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HR- glorified admin that has got above itself??

 
#1 HR- glorified admin that has got above itself??
19/07/2006 21:30

Sylvia to deleted (#0)

Reading a number of the posts on here, tons of us seem to have encountered HR during recruitment, promotion etc- and none of us have been even slightly impressed.

What is the point of them? They are consistently less intelligent and qualified than the teams they support, so don't really 'get' what they are being asked to do, they seem to be obsessed with producing as much cumbersome paperwork as possible but actually helping as little as possible, and most have no idea of the particular demands of consulting (so set up perfoemance management systems that can't be accessed by dial up from hotel rooms in the back end of nowhere, yet send you anggry emails saying you haven't filled in the staff appraisals, to name one example)...

Why aren't HR departments dis-established totally? What do they do that we can't do without?

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#2 RE: HR- glorified admin that has got above itself??
20/07/2006 01:51

hydra to Sylvia (#1)

I think the point of the admin-focussed bits of HR is that they do all the stuff that line managers can't or won't do. Consultants are after all notoriously bad/uninterested at anything approaching operational management, so HR admin have a role there in terms of keeping things ticking over, making sure you're paid, bonused, benefited etc. And after all, if they didn't chase us for performance management then it'd never get done and bonuses would go back to the bad old days of "discretionary" reward.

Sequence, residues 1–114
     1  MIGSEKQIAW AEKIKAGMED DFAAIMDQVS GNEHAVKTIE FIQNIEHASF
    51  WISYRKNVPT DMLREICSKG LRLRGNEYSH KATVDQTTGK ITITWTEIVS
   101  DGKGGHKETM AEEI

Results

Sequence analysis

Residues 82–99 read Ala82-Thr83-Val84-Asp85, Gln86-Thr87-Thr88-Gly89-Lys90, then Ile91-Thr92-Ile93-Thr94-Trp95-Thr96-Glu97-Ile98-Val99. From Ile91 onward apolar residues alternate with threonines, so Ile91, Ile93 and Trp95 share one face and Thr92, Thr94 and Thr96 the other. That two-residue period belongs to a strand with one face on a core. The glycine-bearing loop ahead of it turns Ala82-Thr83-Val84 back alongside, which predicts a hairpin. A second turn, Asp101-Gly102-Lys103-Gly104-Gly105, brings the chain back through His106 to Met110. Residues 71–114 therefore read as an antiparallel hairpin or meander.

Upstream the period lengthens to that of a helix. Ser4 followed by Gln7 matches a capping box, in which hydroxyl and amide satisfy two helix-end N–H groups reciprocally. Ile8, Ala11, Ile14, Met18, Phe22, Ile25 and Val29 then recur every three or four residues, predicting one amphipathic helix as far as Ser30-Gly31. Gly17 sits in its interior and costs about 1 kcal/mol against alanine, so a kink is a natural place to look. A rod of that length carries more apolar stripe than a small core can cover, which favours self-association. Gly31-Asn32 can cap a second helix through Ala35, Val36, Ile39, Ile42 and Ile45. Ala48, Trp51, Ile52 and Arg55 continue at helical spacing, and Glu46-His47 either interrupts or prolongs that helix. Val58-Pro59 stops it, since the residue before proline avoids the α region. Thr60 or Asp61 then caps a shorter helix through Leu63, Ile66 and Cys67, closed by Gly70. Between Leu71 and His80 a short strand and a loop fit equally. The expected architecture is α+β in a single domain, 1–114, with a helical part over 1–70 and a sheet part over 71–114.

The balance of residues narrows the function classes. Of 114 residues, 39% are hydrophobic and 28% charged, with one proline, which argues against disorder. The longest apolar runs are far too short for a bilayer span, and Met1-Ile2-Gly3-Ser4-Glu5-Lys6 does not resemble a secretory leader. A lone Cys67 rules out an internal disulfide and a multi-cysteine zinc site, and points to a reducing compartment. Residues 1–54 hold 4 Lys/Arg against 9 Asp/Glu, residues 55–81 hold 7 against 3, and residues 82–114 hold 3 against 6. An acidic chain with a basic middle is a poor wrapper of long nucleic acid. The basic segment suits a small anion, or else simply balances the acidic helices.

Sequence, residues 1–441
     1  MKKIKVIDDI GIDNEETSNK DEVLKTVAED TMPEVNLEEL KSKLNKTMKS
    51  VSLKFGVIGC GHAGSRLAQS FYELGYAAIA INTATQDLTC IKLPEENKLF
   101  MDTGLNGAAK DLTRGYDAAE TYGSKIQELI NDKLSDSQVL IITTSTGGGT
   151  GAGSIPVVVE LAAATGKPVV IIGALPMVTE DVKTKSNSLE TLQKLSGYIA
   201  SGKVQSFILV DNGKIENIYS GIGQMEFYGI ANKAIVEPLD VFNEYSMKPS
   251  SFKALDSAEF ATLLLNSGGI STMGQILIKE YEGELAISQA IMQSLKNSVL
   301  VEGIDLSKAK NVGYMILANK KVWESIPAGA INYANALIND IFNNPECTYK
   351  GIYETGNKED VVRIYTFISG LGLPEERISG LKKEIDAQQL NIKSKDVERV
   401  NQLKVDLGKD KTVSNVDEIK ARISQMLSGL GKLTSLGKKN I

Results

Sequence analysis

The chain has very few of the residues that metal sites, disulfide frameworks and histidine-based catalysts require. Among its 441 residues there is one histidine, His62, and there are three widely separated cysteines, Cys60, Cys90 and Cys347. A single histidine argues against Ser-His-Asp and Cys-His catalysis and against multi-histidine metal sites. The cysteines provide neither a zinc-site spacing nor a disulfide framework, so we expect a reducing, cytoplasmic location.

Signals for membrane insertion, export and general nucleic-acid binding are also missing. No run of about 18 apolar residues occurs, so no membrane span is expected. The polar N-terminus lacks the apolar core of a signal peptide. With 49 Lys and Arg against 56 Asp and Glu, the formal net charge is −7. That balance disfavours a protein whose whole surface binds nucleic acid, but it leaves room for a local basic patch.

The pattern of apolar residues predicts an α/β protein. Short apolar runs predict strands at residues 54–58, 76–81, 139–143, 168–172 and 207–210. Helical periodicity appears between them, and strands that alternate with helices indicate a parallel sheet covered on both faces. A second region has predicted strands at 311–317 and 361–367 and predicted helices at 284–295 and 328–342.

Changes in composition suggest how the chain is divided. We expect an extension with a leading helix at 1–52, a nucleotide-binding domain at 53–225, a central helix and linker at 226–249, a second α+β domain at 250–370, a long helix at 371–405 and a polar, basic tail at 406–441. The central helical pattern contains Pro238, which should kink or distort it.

It's not just in consulting that people get frustrated with HR - in industry too, operational managers often complain that the HR policies don't match the reality of the business they are in. In industry, one of the answers is to employ HR business partners who work alongside managers to get the strategic side of HR and people development working. In consulting, we are still behind the times in that respect as few firms use business partners or have very sophisticated HR policies. Consulting partners tend to be opposed to anything that would mean ceding influence within the organisation on that kind of level, and the business model tends to rely on the luxury of so many good people applying that they can afford a high burn rate of staff and low efficiencies in hiring and staff development.

In short, HR in consulting tends to be focussed on the admin side of things even more than usual. My experience is that HR admin is no worse than admin in other functions e.g. purchase and sales ledger within finance, or IT, or procurement, for example. However, they come into contact with other staff and have a much more public role (e.g. for recruiting) so the cracks are more visible.

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